It happens to be one of the ticking time bombs threatening the long-term viability of MovieLand:
"I think at the moment it's a strange time to be a filmmaker, because there's a sense of depression in the industry," [director Peter] Jackson said Friday ...
"Studios feel DVDs are down and piracy is up, and the entire industry is being as defensive as they possibly can, which leads to movies not being as exciting as they possibly can be ..."
Excitement won't count for much if motion pictures get downloaded digitally and sold as pirated DVDs. TAG's mother international (the IATSE) has been pounding home the message that directors, actors, writers and below-the-line filmmakers will be screwed, blued and searching for alternate employment if the DVD market goes the way of recorded CDs (which even now are halfway to the dark oblivion of vinyl records. CD sales are down 20% over the last year alone.) IA President Matt Loeb said:
"Pirated DVDs are being sold by the trainload, costing the film industry hundreds of millions of dollars, costing film workers thousands of jobs. It would be a disaster if entertainment conglomerates end up like record companies, suing twelve-year-olds for downloading songs. Studios, unions and guilds have to work together to stop the theft now occurring around the world ..."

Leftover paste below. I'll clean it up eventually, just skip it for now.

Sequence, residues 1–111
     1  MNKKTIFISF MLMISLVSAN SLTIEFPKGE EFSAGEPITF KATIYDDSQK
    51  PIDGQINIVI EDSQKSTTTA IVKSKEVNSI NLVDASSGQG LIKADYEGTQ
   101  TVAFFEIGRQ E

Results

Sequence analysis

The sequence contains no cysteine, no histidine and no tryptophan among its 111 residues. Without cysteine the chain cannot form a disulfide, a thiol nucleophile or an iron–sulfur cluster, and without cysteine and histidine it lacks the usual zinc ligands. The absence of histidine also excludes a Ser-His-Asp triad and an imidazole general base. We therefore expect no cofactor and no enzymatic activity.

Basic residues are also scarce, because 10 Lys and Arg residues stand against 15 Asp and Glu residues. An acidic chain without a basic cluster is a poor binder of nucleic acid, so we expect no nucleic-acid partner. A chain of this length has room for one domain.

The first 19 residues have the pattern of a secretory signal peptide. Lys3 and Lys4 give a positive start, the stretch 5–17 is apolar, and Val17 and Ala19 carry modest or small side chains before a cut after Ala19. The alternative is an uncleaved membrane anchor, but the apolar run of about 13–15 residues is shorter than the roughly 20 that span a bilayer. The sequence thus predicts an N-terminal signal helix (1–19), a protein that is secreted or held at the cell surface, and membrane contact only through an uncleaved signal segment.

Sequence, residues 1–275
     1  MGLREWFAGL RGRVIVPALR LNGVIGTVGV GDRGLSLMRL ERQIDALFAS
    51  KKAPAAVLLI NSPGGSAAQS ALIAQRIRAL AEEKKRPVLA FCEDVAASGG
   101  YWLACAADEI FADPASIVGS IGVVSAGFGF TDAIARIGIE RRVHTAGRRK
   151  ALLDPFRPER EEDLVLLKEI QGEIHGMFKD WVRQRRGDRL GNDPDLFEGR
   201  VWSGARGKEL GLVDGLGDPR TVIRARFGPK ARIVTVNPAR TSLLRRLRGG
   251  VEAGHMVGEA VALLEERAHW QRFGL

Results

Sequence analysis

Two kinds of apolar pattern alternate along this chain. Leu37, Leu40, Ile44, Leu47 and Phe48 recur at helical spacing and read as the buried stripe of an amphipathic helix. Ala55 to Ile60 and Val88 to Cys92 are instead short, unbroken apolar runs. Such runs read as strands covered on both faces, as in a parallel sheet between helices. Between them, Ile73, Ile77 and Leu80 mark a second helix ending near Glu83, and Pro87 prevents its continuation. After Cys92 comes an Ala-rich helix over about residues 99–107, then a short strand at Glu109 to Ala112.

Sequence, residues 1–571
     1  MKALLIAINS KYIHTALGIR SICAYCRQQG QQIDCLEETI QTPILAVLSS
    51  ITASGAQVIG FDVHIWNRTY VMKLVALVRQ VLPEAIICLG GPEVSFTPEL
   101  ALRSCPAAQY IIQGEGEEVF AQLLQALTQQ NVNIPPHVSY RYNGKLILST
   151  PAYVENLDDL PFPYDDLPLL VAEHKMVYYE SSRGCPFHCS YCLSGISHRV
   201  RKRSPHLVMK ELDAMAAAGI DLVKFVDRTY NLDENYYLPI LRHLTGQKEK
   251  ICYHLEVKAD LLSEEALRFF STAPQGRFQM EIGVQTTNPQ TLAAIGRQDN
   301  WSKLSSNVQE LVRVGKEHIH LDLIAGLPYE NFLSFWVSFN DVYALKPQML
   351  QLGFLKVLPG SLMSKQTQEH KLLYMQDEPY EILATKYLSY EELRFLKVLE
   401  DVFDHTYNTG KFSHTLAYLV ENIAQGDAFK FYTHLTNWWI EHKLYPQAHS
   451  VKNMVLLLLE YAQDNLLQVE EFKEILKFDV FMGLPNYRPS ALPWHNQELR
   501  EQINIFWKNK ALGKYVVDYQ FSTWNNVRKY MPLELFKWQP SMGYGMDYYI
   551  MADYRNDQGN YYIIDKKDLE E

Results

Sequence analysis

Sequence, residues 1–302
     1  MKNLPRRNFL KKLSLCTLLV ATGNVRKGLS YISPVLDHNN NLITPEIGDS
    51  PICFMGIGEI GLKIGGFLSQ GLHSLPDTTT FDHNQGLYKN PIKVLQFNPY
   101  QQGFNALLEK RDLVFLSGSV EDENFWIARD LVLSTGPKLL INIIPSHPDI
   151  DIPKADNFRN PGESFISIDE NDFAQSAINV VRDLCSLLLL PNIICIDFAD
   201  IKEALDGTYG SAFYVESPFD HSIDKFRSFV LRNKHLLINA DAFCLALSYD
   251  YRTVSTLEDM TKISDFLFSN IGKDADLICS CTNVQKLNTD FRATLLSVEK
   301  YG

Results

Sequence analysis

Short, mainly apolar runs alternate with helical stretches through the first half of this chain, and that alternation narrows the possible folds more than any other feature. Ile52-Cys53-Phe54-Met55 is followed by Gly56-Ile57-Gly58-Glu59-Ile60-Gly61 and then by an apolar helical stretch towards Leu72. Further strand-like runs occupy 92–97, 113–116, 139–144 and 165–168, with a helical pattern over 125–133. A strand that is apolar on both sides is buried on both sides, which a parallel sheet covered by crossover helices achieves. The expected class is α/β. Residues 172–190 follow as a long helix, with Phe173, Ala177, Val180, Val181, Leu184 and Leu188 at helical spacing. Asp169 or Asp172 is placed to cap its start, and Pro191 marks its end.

A couple of things to keep in mind: broadband is moving to more areas of the country and globe, making feature motion pictures as easy to swipe as music MP3 files. And counterfeit DVDs are easy to churn out and sell. This isn't a problem that's diminishing anytime soon, or going away.
Ultimately the solution regarding purloined films could be to tax the delivery systems -- internet and blank disks -- to collect royalties due to companies and workers. Since we live in a corporatist state, it seems like a simple and natural solution.